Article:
Oil prices fell Wednesday even after President Joe Biden called on Congress to temporarily suspend the federal gas tax.
Biden calls on lawmakers to lift the federal gas tax for three months and asks states to take similar action. The federal government collects a tax of 18 cents per gallon on gasoline and 24 cents on diesel fuel.
A gas tax suspension, however, would not help solve the underlying problem with gasoline, which is that oil prices are too high. On the contrary, it could allow consumers to drive more, increase demand and do nothing about supply. “It’s hard to see what Biden thinks he’ll gain with this announcement,” writes James Lucier of Capital Alpha Partners. “The market calls for the destruction of demand. Lowering the price when supply is tight will only create demand. There is no assurance that cost savings will be passed on to consumers; in fact, the dynamics of pricing power in a competitive commodity market suggest that this will not be the case.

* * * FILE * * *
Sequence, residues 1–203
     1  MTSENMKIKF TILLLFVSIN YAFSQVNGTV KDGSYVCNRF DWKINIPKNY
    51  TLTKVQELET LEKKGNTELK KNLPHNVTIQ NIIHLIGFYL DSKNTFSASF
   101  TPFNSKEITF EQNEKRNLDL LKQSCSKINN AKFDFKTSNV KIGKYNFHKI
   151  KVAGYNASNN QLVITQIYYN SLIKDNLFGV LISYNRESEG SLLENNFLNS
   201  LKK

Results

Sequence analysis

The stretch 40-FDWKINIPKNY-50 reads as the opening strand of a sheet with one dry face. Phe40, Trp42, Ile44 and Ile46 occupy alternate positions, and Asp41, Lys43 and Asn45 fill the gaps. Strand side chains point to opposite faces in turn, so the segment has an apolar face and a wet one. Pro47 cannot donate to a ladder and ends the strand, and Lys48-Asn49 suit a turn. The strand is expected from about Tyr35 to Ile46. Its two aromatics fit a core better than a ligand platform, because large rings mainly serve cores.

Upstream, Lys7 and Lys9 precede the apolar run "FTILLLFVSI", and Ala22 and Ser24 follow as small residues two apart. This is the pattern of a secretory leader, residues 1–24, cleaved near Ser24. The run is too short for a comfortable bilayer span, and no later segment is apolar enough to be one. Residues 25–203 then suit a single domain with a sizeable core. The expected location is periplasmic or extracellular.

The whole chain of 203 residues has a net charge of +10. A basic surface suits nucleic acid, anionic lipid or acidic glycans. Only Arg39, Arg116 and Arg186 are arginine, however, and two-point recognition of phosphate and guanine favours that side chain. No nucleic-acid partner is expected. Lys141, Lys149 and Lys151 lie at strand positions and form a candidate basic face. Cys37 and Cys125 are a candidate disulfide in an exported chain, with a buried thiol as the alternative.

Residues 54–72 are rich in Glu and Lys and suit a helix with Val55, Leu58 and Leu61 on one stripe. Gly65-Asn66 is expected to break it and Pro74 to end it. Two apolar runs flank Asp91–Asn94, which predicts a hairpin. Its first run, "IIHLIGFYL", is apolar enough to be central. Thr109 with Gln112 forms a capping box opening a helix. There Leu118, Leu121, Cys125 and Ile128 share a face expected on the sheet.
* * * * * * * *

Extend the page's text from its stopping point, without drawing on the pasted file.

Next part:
Still, prices for Brent, the international benchmark, fell 2.5% to $111.74 a barrel. West Texas Intermediate, the US standard, fell 3% to $106.19.
So what’s going on? Blame recession fears. Not only is oil low, but the
Dow Jones Industrial Average
also fall, copper plummets, while bond yields slip and the dollar appreciates. “This morning’s market action has recession worries written all over it,” wrote Peter Boockvar, chief investment officer at Bleakley Advisory Group.
Crude prices have soared this year after Russia invaded Ukraine in February and the government sought ways to reduce fuel costs that have driven high inflation for decades.
It might just take one recession to do that.
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